Sydney Cycleways has launched a new campaign urging people who ride bikes to “ride graciously”. The video presents scenarios, quite common to cyclists, pedestrians and car drivers, which often cause a lack of mutual respect and can sometimes escalate into the sort of road rage which most cyclists try to avoid. It then gives instances of how cyclists can change their behaviour to prevent the road rage incidents from happening. The targeted audience of the video is cyclists, urging them to change their behaviours so that people using other forms of transport will respond with like-minded politeness. It will be interesting to see whether this video is a success, and how Sydney Cycleways will measure that success, as most instances of lack of courteous behaviour between cyclists and other road users are not reported. However, the road rage phenomenon is widespread and highly alarming to cyclists so it is great to see Sydney acknowledging and acting on this in a positive way. To view this cute and entertaining video, click here.
There is a new shared path being constructed in Adamstown, on Glebe Road, where the footpath used to be. This will make bike travel between Fernleigh track and the city or the university much simpler, especially around the problematic area of the Adamstown rail gates. Updates on this work and how it fits into the current infrastructure will be posted here when the work is completed.
Fernleigh Track is reopened after it was closed due to the recent Gateshead fires. The fires have certainly changed the atmosphere of the track for that section, but we all know the Aussie bush regenerates after such an ordeal. I’m looking forward to watching the regrowth happen over the next few months as I ride the track.
Clearing the undergrowth as has happened has highlighted the number of existing mountain bike tracks. I have ridden some of them in that area, but had no idea just how many there are.
New bike lanes are planned for Hunter Street. This is an initiative of Newcastle City Council and will ease traffic congestion along Hunter Street, provide an important link in the Newcastle Cycleways Network and make cycling in the city centre much safer. Tim Askew (NCC City Centre Programs Manager) will make a presentation at the September NCM meeting at the Adamstown Club on Tuesday (10th) night. To see the Herald article, click on the link in the first sentence above to read The Herald’s coverage.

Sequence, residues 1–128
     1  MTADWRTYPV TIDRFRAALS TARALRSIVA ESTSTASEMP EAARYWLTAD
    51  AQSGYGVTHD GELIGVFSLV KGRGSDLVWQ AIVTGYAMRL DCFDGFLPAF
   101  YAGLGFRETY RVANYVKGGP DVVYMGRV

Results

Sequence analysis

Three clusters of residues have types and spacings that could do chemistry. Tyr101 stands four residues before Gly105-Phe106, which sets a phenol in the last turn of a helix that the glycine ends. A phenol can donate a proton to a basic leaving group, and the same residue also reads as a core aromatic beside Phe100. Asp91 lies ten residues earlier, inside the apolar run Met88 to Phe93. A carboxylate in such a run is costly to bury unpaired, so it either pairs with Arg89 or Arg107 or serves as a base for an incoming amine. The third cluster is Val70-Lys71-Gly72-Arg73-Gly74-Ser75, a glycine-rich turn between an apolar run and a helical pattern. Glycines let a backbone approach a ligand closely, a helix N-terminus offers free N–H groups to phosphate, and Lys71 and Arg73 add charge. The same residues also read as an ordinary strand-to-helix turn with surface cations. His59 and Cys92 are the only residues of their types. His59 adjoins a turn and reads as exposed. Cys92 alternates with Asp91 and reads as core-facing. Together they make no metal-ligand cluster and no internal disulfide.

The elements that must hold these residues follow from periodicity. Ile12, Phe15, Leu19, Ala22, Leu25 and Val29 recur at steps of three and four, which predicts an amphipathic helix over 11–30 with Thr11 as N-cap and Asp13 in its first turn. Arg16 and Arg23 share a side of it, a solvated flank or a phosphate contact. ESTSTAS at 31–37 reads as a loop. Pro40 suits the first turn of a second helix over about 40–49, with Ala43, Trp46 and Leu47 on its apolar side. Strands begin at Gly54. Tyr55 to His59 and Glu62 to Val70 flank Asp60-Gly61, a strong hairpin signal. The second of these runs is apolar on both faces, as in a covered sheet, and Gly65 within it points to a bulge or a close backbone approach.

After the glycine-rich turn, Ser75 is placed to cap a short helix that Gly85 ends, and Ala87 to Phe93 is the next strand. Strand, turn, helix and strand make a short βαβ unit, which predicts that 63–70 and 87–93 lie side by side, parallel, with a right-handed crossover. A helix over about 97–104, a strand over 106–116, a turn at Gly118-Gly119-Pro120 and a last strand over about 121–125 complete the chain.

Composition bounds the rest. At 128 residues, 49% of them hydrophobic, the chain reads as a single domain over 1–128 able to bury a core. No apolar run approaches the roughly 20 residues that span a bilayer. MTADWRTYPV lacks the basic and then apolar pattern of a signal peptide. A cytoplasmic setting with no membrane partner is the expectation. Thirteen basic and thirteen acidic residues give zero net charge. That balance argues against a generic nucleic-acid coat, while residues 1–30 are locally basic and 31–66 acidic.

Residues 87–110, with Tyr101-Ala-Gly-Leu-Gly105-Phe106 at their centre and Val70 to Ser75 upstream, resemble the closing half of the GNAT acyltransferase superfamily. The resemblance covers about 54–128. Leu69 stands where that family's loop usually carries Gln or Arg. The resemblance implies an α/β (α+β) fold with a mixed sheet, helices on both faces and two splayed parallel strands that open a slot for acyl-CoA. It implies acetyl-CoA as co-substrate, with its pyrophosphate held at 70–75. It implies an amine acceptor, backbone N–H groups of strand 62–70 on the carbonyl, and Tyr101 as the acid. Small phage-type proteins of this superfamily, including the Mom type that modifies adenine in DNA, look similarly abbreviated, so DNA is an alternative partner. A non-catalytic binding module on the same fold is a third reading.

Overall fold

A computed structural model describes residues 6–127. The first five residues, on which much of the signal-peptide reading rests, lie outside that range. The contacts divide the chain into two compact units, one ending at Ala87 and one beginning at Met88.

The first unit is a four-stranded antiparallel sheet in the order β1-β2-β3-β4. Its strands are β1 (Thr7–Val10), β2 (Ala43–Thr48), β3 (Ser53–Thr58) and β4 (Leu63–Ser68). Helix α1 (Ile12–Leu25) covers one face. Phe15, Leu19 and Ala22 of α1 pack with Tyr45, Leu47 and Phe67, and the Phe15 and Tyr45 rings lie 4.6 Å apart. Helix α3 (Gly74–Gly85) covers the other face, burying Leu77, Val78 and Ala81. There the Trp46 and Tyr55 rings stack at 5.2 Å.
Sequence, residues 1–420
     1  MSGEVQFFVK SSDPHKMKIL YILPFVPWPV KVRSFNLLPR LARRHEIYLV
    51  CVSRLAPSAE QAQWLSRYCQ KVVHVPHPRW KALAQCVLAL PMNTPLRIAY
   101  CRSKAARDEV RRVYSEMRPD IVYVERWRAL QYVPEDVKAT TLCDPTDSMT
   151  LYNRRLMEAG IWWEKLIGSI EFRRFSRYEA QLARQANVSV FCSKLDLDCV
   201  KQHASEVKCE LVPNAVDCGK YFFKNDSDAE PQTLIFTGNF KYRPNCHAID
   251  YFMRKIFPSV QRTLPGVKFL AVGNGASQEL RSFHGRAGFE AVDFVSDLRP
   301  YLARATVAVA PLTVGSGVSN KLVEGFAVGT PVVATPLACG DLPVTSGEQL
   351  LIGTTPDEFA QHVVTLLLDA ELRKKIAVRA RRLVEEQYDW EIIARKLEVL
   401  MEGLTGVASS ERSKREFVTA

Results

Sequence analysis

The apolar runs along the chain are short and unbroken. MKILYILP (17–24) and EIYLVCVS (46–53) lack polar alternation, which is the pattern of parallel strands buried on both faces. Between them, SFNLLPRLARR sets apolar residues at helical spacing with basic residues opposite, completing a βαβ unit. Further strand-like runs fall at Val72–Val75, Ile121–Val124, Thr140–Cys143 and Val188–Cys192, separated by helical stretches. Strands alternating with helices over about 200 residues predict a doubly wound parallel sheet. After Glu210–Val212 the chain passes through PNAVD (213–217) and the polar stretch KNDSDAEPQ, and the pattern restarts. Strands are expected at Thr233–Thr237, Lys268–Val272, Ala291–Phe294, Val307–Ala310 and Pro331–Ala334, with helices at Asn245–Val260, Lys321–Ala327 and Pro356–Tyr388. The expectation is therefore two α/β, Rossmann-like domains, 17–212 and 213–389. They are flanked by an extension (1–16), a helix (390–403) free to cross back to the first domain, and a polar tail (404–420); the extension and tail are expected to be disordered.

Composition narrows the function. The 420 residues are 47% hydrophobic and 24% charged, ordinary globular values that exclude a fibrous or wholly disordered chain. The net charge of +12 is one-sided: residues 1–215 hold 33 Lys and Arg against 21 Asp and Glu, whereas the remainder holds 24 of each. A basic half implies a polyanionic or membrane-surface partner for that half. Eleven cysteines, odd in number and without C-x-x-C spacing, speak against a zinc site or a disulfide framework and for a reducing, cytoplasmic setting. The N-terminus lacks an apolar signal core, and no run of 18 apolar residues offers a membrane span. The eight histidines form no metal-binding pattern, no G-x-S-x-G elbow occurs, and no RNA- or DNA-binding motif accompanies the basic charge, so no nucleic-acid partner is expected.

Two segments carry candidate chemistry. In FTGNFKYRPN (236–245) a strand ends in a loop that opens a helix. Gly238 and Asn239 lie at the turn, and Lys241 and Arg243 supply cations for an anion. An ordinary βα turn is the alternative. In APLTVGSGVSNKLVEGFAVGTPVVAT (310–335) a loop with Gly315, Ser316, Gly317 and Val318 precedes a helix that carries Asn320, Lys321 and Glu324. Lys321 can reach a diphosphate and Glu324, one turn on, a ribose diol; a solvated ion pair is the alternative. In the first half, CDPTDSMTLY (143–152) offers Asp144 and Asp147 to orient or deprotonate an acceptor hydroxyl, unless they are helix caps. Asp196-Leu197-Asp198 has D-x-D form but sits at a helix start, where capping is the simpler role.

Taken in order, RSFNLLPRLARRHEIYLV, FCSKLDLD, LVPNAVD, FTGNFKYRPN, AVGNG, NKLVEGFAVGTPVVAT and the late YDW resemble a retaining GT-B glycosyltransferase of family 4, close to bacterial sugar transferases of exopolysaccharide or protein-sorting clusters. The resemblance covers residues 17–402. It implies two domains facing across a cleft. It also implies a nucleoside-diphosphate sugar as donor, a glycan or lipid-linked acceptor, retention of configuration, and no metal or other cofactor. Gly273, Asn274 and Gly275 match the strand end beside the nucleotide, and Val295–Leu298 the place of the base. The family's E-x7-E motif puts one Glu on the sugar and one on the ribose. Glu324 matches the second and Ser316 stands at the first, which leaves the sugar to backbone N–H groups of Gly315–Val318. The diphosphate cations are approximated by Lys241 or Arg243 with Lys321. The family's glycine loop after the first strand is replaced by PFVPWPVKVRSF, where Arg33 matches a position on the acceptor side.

We now have maps of the best riding Newcastle has to offer, available on our maps page.
Please note that Newcastle Cycleways Movement does not recommend that cyclists cycle where there are bike pictures in the car door opening lane. These road markings do not indicate a legal bike lane and it is NCMs understanding that they are gradually being removed from the infrastructure.
There is a new cycle path near Elizabeth Street in Carrington. The shared pathway connects Carrington Foreshore along Elizabeth Drive taking cyclists off the main road and linking up to an existing shared pathway along Linwood/Throsby Creek to Islington Park. The work will improve safety for recreational cyclists as this is a busy street commonly used by trucks to access local industry. This new path will also improve safety for commuters and other utility cyclists. Carrington has consistently had the highest rate of cycling as a journey to work in the Newcastle in the census data and it provides a vital link for cyclists to the cycleway network.
There is a new bike path under construction on the Pacific Highway near Scenic Drive. This path will connect Fernleigh Track to Merewether via Fernleigh Loop and Faul Street.
Here are some more photos from 16th August. This will be an excellent link and RMS are to be congratulated for building this so quickly. Its a bit unfortunate to have the light poles in the path, and we hope this does not make it difficult to get a road sweeping machine along it occasionally. The crash barrier between cyclists and cars will make this section much safer, and the retaining wall is wide enough that there shouldn’t be debris falling onto the path. Lets hope the light poles are decorated with reflective tape, and have a line marking to direct unobservant cyclists away from them.